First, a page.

The concentrations of OTPP in the oolong tea were analyzed by high-performance liquid chromatography (HPLC) with ultraviolet detection at 280 nm by directly injecting the oolong tea. The analysis was performed with a reversed-phase HPLC column (TSKgel ODS-80Ts QA, 4.6 × 150 mm, Toso Co., Tokyo, Japan) at 40°C at a flow rate of 1 ml/min. Gradient elution was performed with a solvent system of solvent A, 0.05% trifluoroacetic acid in water and solvent B, 0.05% trifluoroacetic acid in 100% acetonitrile, using a gradient program (solvent B content: isocratic elution of 10% for 5 min, gradient elution of 10–15.6% for 6 min, gradient elution of 15.6–17% for 10 min, gradient elution of 17–80% for 1 min, isocratic elution of 80% for 15 min). The quantitative analysis of OTPP was made using oolonghomobisflavan B as a standard. (Nakai et al., 2005b).

Placebo beverage was prepared with tea flavor and caramel for coloring. Double-blind crossover design was carried out in this study; all the participants were unable to differentiate between the two experimental beverages.

Study design

The subjects were randomly divided into two groups. They were followed by a crossover design including 7-day washout periods and 10-day treatment periods (Figure 1). During the treatment periods, each group was given 38 g lipids a day from potato chips (19 g lipids each within 30 min after lunch and dinner) and total 750 ml beverages (placebo- or polyphenol-enriched oolong tea) at three meals (250 ml at each meal). Subjects were allowed to take water freely. All the participants were instructed to maintain their habitual patterns of physical activity throughout the entire study period.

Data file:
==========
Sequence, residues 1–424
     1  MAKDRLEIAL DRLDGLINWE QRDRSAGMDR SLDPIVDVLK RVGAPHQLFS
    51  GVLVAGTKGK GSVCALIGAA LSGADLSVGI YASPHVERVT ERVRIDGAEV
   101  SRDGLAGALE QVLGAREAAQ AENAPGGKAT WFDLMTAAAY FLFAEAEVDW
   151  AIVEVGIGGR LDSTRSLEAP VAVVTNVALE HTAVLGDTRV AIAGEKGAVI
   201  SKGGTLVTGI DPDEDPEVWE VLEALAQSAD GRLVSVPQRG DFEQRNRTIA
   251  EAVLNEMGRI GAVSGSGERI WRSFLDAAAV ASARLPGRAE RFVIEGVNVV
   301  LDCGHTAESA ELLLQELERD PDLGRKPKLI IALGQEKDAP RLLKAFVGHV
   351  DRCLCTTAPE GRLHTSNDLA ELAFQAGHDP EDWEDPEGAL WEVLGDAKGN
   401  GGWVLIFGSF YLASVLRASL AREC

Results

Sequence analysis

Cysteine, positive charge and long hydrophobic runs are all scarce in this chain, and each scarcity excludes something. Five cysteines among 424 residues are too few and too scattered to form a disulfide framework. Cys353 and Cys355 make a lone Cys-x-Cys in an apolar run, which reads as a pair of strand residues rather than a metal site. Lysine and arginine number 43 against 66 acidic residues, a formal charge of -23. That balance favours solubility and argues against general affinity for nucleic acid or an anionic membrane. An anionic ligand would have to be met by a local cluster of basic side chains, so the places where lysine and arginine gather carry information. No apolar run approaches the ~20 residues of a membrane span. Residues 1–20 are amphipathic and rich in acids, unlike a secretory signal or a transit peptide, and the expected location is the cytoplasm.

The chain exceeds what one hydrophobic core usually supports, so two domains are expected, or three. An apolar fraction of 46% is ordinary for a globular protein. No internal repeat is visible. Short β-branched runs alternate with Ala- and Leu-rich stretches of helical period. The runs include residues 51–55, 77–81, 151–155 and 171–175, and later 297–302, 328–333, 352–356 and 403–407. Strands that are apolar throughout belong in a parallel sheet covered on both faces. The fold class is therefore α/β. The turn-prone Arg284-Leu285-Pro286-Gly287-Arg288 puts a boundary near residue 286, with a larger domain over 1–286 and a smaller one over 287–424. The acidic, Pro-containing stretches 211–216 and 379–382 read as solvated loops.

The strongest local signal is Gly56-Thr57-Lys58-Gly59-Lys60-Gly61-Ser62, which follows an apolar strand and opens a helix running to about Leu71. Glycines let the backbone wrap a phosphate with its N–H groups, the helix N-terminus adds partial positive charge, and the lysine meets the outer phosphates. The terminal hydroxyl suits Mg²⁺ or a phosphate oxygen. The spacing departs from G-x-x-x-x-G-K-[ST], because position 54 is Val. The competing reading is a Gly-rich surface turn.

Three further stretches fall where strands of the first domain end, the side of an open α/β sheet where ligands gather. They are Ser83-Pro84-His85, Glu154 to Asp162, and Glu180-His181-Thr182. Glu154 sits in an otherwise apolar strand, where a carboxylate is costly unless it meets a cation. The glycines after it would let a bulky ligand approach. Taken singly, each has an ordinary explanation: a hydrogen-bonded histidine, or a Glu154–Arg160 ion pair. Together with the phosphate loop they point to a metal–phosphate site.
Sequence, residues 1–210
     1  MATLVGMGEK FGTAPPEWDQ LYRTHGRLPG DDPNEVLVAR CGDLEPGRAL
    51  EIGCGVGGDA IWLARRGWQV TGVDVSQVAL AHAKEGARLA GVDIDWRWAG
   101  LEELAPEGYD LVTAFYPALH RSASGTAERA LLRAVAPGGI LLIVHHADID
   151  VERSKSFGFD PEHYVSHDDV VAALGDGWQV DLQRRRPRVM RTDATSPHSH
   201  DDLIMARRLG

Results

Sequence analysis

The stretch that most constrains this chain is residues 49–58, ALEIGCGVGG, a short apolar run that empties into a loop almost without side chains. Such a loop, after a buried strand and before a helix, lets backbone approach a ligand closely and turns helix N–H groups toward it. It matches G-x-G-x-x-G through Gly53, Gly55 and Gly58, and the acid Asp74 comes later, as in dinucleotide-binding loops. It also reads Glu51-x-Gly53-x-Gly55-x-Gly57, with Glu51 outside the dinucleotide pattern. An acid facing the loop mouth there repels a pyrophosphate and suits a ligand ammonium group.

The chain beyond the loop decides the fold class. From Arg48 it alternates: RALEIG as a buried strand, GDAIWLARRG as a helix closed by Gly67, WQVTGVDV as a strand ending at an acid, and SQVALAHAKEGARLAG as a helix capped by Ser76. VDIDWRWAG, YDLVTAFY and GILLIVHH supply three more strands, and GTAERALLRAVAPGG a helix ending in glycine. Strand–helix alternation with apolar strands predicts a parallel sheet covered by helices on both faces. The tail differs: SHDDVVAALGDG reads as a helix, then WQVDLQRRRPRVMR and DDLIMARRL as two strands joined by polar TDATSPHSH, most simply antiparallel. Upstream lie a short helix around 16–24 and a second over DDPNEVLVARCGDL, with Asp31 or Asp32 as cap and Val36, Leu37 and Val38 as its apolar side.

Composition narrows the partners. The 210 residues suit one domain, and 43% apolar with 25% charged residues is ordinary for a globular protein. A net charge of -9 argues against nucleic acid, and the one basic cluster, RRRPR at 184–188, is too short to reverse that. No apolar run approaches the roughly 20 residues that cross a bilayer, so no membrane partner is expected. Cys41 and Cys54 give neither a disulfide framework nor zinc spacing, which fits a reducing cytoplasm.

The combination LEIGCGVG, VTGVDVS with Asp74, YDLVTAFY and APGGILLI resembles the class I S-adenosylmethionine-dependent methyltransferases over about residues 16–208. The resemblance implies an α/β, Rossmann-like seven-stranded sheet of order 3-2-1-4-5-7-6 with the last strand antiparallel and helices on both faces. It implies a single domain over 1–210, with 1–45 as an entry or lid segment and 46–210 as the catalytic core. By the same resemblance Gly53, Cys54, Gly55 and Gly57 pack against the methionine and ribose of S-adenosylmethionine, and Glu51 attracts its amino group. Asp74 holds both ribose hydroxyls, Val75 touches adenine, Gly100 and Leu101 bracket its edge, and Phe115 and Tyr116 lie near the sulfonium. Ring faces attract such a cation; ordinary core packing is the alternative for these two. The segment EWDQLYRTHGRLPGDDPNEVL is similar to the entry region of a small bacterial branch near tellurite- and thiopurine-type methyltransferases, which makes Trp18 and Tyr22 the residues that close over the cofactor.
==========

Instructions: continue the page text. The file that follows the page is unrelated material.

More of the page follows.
Figure 1
Figure 1

Study design for analyzing the effect of polyphenol-enriched oolong tea on dietary lipid absorption in humans.

The physical characteristics were measured and 10 ml of blood was collected after 12 h fasting in the early morning. The blood samples were collected for biochemical examination at days 8, 18, 25 and 35 of the study period. Capsules containing activated charcoal powder were given to the subjects before breakfast at days 15 and 32 and after dinner at days 17 and 34 as a marker of the stool (Gades and Stern, 2003, 2005). Fecal samples were collected for the analysis of lipid excretion from the first appearance of the marker in the stool until the marker disappeared in two experimental periods.